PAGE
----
"My people once reached out into the galaxy, pushing back the boundaries of what they knew every day. They found much that was worth the cost of their search, but they also found an enemy. It is the same enemy that all of us here face. By whatever name we call it, daemons, creatures of the warp, chaos, it is the same enemy of us all, because it is from us that this enemy emerges. We all have our darkness within, and we have all found that in the darkest places of the galaxy our own fears and nightmares have grown strong.

"My people now dwell in darkness themselves. I wish it were not so, but it is a fact that cannot be ignored. The actions which have brought me here have also divided me, and the warriors under my command, from our homes forever. We are now like so many of you, whose homes have been destroyed, who now struggle to survive the ravages of the galaxy's darkest terrors. I hope that we can all find a new home together. I hope that we can build a new home, a community, fashioned of the ideals, the dreams, that everyone, of every race, has felt at some time in their lives.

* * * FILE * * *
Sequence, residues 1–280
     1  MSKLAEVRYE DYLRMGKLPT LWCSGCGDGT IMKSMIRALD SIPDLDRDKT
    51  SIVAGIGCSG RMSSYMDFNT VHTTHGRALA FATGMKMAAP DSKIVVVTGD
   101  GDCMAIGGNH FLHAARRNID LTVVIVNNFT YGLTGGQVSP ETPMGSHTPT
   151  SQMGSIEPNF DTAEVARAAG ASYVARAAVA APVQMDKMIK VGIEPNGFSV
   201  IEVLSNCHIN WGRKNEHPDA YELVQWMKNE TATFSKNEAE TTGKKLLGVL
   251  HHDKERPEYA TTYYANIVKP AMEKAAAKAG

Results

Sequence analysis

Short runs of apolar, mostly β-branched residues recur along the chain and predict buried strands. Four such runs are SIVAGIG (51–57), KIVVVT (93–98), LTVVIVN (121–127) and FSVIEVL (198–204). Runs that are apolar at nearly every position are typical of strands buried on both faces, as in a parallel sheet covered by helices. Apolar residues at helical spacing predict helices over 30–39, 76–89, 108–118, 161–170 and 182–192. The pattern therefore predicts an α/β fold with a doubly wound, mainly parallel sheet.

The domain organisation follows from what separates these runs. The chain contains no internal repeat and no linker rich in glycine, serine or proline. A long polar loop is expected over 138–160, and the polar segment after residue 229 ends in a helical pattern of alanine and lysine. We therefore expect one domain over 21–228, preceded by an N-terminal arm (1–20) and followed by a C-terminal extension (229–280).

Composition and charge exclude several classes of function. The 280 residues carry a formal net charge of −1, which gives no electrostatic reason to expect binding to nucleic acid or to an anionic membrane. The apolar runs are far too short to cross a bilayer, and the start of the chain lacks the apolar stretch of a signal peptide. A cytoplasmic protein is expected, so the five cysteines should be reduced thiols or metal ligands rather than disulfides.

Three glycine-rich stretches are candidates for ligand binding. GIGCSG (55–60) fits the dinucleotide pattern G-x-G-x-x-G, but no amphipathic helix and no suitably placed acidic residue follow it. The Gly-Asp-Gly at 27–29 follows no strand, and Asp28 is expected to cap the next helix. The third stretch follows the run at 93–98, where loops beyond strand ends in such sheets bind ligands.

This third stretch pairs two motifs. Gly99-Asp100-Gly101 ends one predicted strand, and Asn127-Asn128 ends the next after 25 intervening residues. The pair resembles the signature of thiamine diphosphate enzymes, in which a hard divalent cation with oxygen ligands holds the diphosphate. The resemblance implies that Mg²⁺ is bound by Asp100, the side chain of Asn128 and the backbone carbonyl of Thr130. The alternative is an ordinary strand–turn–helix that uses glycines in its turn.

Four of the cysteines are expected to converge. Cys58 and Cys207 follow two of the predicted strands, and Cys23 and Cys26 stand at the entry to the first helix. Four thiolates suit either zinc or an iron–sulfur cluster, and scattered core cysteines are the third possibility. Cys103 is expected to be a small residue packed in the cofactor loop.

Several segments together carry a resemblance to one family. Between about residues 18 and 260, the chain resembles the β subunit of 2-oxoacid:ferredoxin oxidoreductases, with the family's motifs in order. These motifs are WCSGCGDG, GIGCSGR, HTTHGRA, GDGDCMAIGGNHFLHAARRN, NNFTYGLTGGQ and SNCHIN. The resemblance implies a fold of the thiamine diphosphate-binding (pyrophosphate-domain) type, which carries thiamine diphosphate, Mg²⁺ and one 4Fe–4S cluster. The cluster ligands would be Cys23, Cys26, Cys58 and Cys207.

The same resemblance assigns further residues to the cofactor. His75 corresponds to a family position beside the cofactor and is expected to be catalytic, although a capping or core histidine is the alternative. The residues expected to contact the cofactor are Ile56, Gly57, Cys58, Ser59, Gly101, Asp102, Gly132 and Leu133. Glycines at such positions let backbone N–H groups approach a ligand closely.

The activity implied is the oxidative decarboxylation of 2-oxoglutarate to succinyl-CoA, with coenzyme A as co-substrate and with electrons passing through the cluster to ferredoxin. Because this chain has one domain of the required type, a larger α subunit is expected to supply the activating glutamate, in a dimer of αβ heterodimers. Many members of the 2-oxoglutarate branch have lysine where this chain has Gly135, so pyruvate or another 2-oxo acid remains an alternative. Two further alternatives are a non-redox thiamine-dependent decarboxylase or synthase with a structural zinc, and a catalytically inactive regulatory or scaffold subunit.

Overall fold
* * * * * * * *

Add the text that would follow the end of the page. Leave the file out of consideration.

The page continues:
"None of us are exactly alike, and I do not propose that we try to be alike. Many thousands of years ago, before my most distant ancestors even knew of other worlds, they made tools of simple metals they found on the surface of their world. These metals had different properties, but they found that if they combined them these different properties made them stronger, not weaker. We are faced with a great enemy, and we need strength. We do not need power, or weapons, or ships. We need wisdom, and maturity, and hope. These are qualities we are all capable of, but together we can be greater in these than could ever be possible for each of us alone.

"I dream of a time when every being in the galaxy will have the opportunity to fulfil their greatest potential. This time must be far in the future, but I believe that if we all come together, now, we can achieve this." She stepped aside as Luther again made his way to the centre of the hall.